Income Loss in Medical Malpractice Claims

by John McKiggan

Most of my medical malpractice clients have suffered catastrophic injuries that prevent them from being able to return to work or, in the case of infants and children, will prevent them from ever being able to work.

Economic Losses from Medical Malpractice

There are 2 ways to calculate economic losses suffered as a result of medical malpractice. The court will have to determine whether you have suffered an actual income loss or whether you have suffered a diminished earning capacity.

Income Loss from Medical Malpractice

If your are injured as a result of medical malpractice and your injuries prevent you from being able to work for days, weeks, months, or permanently then you can make a claim for the actual income you have lost as a result of the medical malpractice.

Income loss includes both:

Past Income Loss: You are entitled to be compensated for your actual income loss up to the date of settlement or trial. Usually this loss is one that is capable of being calculated fairly accurately. For example, if you were being paid $500.00 a week and you can’t work for 4 weeks as a result of your injuries, you are entitled to receive 4 weeks pay ($2,000.00) to compensate you for your past loss of income.

Future Loss of Income: If your injuries are going to prevent you from being able to work in the future, you are also entitled to be compensated for that loss. Unfortunately, there is no such thing as a crystal ball. Claims for future loss of income can be difficult to calculate with precision. No one knows, for sure, what the future will hold.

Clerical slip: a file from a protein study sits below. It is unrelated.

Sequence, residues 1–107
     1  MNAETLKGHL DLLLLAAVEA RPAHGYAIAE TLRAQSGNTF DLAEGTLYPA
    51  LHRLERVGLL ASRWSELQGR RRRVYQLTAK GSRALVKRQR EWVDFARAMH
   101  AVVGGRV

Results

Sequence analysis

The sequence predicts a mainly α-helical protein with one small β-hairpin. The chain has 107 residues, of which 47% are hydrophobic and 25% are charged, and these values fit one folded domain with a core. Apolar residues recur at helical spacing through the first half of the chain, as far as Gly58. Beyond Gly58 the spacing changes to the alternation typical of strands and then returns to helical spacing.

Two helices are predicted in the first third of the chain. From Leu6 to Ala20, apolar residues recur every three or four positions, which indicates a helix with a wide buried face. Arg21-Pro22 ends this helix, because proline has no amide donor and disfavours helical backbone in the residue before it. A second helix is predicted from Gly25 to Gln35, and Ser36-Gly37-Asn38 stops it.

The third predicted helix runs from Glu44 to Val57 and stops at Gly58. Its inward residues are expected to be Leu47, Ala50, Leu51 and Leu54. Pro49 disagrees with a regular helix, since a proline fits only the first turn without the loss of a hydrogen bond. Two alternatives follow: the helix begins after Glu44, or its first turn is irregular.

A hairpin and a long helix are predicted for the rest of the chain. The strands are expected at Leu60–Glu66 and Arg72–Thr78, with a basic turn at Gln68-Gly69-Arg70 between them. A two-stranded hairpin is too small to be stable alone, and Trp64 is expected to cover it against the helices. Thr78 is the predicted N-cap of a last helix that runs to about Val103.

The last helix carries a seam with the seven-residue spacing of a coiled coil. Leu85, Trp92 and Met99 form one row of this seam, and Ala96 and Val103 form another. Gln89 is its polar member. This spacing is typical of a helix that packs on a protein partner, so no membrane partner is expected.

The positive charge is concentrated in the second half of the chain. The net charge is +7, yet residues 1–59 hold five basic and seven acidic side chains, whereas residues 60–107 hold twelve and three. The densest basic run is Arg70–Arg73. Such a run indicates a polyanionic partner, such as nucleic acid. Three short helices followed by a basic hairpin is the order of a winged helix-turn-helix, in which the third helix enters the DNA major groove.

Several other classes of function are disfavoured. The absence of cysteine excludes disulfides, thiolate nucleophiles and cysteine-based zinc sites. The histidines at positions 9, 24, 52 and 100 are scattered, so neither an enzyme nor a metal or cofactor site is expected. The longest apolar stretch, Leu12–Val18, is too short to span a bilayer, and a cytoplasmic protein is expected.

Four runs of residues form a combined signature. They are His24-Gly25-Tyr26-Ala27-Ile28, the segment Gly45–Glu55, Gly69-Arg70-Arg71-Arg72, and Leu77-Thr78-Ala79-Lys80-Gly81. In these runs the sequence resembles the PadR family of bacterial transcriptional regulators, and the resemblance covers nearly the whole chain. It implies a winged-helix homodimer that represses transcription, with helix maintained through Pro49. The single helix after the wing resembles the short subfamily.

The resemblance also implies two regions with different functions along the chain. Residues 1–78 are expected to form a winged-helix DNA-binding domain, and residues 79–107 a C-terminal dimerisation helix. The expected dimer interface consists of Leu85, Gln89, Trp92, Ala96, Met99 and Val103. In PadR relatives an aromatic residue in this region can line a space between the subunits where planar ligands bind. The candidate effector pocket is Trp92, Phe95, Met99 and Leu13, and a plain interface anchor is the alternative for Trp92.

When valuing a claim for future loss on income, the court will have to consider whether your injuries will prevent you from being able to work for two months, two years or forever.

Calculating claims for future income loss usually requires us to retain the services of an actuary or an economist who are experts in calculating past and future income loss claims. These experts take into account factors like cost of living increases or raises that you would be entitled to receive during your career, the normal retirement age for persons of similar employment, the pension benefits you would expect to receive on retirement, and a host of other factors.

Diminished Earning Capacity:

In some cases, the evidence may prove that you, or your family member, will never be able to work. However, we may not be able to calculate exactly what that loss will be. For example, when a 3 ½ year old child suffers a severe brain injury, who is to say whether that child would have grown up to be a plumber, a doctor, or a rock star?

In cases where the exact amount of the future income loss is not certain, the court will consider awarding, compensation for what is called “diminished earning capacity“.

Everyone’s ability to work is an asset. In other words, your physical abilities, education, training and experience are all assets that provide you with the opportunity to earn an income. If any or all of those abilities have been limited or reduced to some extent by your injuries, you may be entitled to an award for diminished earning capacity.

Again this type of claim usually requires us to hire experts to calculate exactly how reduced your ability to work is and to what extent your ability to earn income has been diminished.

If you are looking for a Nova Scotia Medical Malpractice Lawyer you can contact me for a free copy of my book: The Consumers Guide to Medical Malpractice Claims in Canada: Why 98% of potential medical malpractice victims never receive a penny in compensation.

If you believe you or a family member believe you may have been injured as a result of medical malpractice you can contact me through this blog, or call me toll free at 1-877-423-2050.

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